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7-8 June 44 - Grandcamp-Isigny
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29TH DIVISION - WWII BATTLES
7-8 June 1944 - Grandcamp - Isigny

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South of Vierville the 115th Regiment [29th Division] was able to make only slow progress toward Longueville. Communications worked badly, and the battalions were out of contact with each other most of the day. The 2nd Battalion moved cross-country on a broad front, hoping that this would prove an effective way of brushing off light opposition. At Vacqueville a small enemy force used the stone farm buildings as strong points and held up the battalion with small-arms fire until late afternoon. One battery (C) of the 110th Field Artillery Battalion [29th Division]  was available for support; firing two unobserved missions from positions near St-Laurent, it aided the 2d Battalion to clear the hamlet. At 1930 the battalion resumed its advance, which was continued through the night to reach Montigny at 0300. This had been a strongly prepared defensive area, including wired-in trench systems, but the enemy had withdrawn. The 1st and 3rd Battalions had been stopped east of Louvierés by small-scale enemy opposition and were out of contact with the 2d Battalion until the morning of 8 June. Still without transport, and hand-carrying ammunition and heavy weapons, the 115th had been chiefly handicapped by difficulties of communication and control.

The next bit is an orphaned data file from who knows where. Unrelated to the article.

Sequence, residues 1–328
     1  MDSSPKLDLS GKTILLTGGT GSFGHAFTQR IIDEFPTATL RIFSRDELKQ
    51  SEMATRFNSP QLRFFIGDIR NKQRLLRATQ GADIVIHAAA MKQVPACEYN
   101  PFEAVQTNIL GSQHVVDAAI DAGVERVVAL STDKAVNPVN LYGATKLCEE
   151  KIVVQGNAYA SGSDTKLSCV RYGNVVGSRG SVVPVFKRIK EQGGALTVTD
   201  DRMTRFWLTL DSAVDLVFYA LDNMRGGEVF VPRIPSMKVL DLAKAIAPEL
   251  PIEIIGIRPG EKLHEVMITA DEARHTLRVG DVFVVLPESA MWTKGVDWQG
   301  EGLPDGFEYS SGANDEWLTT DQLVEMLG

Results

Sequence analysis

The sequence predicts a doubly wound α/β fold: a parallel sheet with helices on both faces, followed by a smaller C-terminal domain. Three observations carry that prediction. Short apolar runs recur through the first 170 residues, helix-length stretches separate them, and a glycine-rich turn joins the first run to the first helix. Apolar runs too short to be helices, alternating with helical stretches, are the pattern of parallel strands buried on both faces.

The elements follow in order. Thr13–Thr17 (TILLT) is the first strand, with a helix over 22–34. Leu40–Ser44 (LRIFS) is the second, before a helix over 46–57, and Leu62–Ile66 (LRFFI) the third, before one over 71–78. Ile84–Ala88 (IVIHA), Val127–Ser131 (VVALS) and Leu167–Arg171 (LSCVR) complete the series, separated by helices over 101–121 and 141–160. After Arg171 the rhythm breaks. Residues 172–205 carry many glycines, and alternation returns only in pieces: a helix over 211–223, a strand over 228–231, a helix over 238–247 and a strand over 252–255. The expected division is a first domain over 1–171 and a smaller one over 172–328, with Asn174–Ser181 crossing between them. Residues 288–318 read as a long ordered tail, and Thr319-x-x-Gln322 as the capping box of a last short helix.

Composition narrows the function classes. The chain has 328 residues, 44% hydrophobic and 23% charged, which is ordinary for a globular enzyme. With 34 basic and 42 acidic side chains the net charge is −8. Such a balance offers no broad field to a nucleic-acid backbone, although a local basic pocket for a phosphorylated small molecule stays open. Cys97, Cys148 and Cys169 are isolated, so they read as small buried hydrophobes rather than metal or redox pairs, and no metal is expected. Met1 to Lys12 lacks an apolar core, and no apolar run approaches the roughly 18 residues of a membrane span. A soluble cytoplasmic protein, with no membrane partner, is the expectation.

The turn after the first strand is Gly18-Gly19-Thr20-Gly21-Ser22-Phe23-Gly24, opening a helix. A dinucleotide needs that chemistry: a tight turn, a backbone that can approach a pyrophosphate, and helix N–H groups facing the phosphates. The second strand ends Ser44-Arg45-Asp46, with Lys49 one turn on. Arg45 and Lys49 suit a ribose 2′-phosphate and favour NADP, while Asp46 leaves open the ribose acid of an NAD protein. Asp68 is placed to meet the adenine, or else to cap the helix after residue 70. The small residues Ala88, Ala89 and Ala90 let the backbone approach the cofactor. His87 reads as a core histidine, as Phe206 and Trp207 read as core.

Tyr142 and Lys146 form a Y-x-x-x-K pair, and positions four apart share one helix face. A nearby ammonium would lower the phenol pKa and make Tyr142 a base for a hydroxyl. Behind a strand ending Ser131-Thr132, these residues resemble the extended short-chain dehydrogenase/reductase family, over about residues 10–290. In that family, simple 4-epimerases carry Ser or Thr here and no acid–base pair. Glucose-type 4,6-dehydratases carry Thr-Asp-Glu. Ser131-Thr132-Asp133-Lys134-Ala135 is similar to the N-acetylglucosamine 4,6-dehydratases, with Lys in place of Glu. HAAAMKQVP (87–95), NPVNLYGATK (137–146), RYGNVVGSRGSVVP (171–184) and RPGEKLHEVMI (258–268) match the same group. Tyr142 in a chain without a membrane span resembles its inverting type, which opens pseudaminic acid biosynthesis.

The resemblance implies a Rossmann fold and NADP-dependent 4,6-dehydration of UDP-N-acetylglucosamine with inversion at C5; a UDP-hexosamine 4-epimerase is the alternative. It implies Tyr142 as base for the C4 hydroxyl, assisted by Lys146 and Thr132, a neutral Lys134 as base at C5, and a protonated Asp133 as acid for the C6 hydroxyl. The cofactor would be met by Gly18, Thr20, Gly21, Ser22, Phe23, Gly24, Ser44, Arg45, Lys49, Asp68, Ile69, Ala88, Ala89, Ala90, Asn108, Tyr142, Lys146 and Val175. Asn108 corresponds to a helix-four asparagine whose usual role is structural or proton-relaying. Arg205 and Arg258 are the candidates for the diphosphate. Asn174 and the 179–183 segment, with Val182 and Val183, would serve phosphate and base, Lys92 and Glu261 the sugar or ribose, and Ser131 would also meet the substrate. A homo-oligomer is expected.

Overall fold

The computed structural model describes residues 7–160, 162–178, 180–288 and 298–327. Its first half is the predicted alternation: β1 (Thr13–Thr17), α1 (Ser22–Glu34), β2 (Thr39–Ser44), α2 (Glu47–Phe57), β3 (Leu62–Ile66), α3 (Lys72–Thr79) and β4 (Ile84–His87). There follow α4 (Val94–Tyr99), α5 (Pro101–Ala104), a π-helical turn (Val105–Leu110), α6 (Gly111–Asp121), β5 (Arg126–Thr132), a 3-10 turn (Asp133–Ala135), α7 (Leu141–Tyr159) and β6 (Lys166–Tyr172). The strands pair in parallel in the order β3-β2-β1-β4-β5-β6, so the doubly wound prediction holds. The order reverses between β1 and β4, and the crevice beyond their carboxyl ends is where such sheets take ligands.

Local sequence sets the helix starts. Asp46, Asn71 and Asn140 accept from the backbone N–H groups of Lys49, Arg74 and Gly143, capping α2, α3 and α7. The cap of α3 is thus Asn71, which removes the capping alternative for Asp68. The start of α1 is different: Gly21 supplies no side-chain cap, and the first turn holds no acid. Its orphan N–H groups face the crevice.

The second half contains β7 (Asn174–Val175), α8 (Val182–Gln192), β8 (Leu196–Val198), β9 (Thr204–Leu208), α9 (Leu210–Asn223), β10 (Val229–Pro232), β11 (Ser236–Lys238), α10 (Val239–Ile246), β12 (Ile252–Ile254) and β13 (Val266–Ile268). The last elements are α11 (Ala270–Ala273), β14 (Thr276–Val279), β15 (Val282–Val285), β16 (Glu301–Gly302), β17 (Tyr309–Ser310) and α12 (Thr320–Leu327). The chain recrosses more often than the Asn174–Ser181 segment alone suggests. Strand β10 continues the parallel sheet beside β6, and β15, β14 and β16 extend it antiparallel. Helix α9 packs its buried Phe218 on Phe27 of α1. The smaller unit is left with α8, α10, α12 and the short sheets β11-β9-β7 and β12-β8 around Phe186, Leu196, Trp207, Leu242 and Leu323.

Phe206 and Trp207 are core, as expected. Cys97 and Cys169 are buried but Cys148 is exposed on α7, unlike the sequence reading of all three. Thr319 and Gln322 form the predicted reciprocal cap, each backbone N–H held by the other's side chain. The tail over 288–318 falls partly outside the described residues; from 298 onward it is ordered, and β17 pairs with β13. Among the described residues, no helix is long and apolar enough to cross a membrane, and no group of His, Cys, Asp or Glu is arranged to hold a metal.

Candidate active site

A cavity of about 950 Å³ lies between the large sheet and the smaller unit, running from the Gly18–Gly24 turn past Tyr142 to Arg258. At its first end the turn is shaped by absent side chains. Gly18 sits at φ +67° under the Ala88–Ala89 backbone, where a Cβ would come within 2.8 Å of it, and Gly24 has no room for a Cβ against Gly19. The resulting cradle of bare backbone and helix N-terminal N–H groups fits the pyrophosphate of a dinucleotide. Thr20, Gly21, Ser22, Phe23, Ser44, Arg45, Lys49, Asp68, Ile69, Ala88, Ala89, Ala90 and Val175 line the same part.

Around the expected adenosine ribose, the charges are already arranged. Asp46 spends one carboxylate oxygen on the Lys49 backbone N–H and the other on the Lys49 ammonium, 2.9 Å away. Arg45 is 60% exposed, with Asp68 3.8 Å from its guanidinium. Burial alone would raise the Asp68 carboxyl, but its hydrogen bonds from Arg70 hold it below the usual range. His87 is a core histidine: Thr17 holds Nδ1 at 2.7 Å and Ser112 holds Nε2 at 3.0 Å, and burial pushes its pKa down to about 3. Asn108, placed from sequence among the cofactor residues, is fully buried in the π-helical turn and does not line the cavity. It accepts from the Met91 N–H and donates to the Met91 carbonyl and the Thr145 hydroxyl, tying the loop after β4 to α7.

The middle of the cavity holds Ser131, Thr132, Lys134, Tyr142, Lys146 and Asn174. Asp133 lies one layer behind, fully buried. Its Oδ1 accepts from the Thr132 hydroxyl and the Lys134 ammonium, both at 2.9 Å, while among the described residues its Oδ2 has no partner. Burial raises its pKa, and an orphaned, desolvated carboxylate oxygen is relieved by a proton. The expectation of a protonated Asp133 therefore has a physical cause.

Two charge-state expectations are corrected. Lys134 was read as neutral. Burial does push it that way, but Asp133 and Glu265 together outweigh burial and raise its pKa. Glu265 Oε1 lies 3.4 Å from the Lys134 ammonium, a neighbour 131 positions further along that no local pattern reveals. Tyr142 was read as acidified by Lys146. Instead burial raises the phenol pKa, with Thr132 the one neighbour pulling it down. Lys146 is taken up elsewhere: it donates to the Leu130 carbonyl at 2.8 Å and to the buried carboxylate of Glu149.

The force which started west on the Grandcamp road to relieve Pointe du Hoe was stopped just short of its goal on 7 June…
The 175th Regiment [29th Division] landed east of D-3 between 1230 and 1630, losing several craft to mines and encountering occasional machine-gun fire at the beach and on the march inland through Vierville to Gruchy, which was reached at 2000. Elements of the 224th and 227th Field Artillery Battalions [29th Division] also landed during the afternoon, giving the 29th Division a total of 29 howitzers from 5 battalions ashore and ready for fire.

Anticipating these reinforcements, V Corps issued Field Order No. 1, at 2100, 7 June, covering the next phase of operations for the 29th Division. The division's chief objective was Isigny, an important road center for enemy communications and the key to eventual junction with VII Corps. Released from corps reserve to the 29th Division, the 175th Regiment, with two companies of the 747th Tank Battalion attached, was ordered to move via Englesqueville-la Cambe and capture the town. The 115th Regiment [29th Division] had the mission of protecting the flank of this advance by seizing the high ground north of the Aure from Longueville to Normanville. The 116th and Rangers were ordered to continue westward on the axis of the coastal highway clearing out enemy resistance from Grandcamp to Isigny. The 9th Infantry of the 2d Division, just starting to land, was given the mission of further mopping-up in the Vierville-St-Laurent area.